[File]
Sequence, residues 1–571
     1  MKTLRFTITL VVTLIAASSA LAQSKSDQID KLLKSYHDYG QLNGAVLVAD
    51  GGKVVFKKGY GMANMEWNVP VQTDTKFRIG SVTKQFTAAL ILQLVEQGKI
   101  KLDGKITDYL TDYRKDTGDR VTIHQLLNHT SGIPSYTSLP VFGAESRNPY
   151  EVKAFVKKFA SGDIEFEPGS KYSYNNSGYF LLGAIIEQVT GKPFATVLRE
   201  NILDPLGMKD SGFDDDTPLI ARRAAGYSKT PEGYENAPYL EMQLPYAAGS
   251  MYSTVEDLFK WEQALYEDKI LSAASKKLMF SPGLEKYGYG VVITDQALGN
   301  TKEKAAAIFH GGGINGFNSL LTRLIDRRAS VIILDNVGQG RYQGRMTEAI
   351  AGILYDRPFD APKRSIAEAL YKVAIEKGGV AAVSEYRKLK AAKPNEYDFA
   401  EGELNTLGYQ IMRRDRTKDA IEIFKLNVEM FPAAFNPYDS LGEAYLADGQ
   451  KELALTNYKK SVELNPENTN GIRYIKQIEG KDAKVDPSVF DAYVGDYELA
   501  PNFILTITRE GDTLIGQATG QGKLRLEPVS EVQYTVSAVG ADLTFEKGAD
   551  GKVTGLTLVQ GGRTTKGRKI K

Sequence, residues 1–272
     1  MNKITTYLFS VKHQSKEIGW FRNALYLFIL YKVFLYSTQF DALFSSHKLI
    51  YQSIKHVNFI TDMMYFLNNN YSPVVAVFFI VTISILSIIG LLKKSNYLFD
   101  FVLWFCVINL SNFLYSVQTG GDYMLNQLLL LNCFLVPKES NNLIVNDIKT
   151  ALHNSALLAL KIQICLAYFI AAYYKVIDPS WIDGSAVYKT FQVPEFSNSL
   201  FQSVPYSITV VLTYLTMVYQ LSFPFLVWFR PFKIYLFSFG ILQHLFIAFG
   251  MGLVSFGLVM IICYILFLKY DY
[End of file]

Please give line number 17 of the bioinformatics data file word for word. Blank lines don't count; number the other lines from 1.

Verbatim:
   101  FVLWFCVINL SNFLYSVQTG GDYMLNQLLL LNCFLVPKES NNLIVNDIKT